Wife fears for life of man accused of terrorism in Syria

AN AUSTRALIAN man seized in Syria has been accused of interacting with a terrorist group by the Assad regime.

Mohammad Alkakouni’s family fear he may have been killed, as they have heard little about the Australian-Syrian national since he was captured more than six months ago.

The office of the Foreign Affairs Minister, Bob Carr, has repeatedly tried to confirm the welfare of Mr Alkakouni, whose wife and three children live in south-west Sydney.

A list provided to the United Nations Security Council in October by the Syrian government named Mr Alkakouni among more than 100 foreign nationals who have been arrested for terrorism-related offences. The list has been published online this week.

But Mr Alkakouni’s wife, Saphia, said there was no evidence that her husband, who ran a business making dips in the city of Dar’a, was plotting against the Assad regime. She said he was captured when Syrian police surrounded the area of the city where Mr Alkakouni worked on June 30. He was bundled into a mini-bus and has not been seen since.

”We have heard he might have been moved to a jail in Damascus, but we have no real answers,” Mrs Alkakouni said. ”We’re just so worried that he won’t come back alive.”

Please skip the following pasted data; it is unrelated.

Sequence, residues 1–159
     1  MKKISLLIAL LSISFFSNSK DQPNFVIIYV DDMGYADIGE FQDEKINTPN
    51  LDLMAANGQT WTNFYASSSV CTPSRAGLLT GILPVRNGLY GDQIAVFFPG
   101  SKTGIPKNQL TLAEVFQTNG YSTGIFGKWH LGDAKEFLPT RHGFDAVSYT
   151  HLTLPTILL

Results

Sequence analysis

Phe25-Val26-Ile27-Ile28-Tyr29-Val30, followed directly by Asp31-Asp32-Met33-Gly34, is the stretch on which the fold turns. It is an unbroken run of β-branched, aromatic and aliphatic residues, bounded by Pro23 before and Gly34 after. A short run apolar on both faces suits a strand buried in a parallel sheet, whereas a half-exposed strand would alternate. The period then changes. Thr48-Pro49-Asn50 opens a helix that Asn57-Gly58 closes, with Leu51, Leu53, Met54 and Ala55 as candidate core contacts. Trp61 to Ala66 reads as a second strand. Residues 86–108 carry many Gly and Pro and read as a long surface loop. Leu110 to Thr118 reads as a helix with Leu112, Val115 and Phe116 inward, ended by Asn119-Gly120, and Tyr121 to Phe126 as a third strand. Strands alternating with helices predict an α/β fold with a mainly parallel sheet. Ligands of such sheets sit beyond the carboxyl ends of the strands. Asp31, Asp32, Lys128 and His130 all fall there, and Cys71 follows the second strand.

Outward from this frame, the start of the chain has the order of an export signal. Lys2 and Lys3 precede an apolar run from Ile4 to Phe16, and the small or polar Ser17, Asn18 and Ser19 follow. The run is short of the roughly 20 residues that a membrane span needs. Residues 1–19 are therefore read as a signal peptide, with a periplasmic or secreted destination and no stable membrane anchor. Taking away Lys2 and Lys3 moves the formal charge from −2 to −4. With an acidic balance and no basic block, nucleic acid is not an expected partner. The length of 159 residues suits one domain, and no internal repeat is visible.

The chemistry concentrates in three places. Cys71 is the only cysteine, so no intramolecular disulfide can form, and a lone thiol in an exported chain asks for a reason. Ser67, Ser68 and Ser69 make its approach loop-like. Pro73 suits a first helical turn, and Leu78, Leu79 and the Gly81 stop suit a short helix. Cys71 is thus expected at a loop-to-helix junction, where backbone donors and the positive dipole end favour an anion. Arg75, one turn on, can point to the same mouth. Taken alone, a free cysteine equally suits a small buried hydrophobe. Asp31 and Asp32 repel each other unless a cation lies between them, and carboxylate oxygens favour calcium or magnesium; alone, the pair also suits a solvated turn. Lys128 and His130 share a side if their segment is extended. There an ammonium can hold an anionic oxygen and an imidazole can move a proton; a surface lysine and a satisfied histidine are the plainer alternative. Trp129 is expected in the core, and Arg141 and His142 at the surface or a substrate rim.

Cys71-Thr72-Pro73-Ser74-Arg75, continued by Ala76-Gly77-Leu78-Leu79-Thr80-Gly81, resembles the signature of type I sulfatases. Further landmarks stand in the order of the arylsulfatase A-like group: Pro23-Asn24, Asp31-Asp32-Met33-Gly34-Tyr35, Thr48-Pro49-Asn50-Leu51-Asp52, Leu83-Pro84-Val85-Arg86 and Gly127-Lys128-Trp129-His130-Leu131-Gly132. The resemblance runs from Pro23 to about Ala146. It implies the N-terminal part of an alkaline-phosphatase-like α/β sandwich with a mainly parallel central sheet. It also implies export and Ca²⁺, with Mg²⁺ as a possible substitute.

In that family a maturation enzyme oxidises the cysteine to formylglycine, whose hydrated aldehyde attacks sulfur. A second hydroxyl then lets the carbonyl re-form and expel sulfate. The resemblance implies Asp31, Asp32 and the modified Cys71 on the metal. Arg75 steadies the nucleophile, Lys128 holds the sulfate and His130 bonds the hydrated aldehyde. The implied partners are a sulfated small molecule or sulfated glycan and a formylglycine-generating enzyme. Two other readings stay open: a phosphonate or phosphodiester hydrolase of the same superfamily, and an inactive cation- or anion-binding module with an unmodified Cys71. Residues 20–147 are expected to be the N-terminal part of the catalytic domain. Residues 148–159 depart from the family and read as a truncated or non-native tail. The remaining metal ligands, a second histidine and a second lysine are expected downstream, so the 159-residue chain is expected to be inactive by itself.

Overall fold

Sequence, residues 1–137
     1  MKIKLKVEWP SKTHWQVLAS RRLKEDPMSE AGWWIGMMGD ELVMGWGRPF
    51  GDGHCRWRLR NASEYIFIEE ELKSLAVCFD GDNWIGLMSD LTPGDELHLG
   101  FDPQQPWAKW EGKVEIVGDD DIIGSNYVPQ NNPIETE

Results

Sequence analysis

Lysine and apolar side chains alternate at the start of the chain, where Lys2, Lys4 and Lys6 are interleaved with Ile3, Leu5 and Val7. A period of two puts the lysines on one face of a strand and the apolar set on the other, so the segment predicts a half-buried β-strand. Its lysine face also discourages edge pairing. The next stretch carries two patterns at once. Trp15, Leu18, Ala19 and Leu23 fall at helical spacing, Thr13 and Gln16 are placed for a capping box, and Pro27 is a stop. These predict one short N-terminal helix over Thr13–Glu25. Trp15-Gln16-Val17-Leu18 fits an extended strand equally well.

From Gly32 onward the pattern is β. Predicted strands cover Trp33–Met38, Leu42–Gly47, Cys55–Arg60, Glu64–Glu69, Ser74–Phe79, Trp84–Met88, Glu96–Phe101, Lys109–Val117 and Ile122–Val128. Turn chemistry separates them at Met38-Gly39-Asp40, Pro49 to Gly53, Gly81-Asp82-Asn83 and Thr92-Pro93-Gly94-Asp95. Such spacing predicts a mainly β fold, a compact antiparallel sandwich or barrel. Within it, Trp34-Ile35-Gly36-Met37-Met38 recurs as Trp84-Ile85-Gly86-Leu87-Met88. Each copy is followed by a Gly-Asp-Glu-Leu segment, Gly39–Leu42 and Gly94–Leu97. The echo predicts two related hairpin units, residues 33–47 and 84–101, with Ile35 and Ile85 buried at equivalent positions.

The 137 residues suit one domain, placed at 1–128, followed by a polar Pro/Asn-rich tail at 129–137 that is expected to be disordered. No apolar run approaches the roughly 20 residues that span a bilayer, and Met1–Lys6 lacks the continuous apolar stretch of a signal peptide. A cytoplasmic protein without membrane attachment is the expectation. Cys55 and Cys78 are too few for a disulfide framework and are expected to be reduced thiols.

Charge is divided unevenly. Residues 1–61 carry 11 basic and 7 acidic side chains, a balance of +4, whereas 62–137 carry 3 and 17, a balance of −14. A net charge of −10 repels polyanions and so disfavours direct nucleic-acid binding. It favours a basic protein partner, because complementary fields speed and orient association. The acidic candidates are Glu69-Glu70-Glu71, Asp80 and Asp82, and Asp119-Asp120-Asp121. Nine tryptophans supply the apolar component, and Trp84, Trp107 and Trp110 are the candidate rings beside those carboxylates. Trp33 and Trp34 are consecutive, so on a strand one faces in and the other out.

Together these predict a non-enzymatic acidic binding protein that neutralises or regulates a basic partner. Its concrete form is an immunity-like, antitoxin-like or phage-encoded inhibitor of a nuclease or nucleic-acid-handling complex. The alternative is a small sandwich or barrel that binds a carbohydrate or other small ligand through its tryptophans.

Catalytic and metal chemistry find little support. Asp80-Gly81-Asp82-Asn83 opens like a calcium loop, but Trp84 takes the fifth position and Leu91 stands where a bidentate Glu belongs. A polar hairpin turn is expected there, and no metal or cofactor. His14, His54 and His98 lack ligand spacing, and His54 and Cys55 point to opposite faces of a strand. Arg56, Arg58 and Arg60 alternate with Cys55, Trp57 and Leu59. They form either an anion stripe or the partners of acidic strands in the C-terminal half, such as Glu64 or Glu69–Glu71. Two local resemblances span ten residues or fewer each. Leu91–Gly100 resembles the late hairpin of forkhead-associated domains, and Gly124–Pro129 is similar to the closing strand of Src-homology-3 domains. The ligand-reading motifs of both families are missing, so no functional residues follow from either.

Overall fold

Mrs Alkakouni said she fled Syria with her 14-year-old daughter and sons aged 11 and five in September. They stayed with relatives in Lebanon before returning to Sydney, where they had lived until 2011.

”It’s been very stressful for the children, it’s hard for them to settle in school,” she said.

”We left our home there, with everything inside. It’s hard explaining why we don’t have what we used to have, but it’s much harder explaining why their father is not here any more.

The Sydney Muslim community leader Keysar Trad said Mr Alkakouni, whom he knew, may have been targeted because of his dual nationality.

”I’m shocked they would do something like this to a person like him, such a good person.

”[But] dual nationals are very valuable scalps for the regime because they can concoct all sorts of stories about them, like that they’re spying for another country.”

A spokesman for Mr Carr couldn’t confirm Mr Alkakouni’s identity. He said the family of an Australian man taken from Dar’a on June 30 had contacted the government asking for assistance.

The Syrian government claims Mr Alkakouni was involved with a terrorist group in the city, but the nature of his involvement is unclear as the UN translation of that part of the letter says it was ”illegible”.

Mr Carr’s spokesman said the Department of Foreign Affairs officials had attempted to contact the Syrian government through the Hungarian and Egyptian embassies, but had not been able to confirm anything about what the man had been accused of, where he was being held, or whether he was alive.

Mrs Alkakouni said she was not convinced the department had done everything it could to contact Syrian officials.

Three Australians have been killed in Syria in the past four months, with their families saying they had travelled to the troubled country as aid workers.

The original release of this article first appeared on the website of Hangzhou Night Net.

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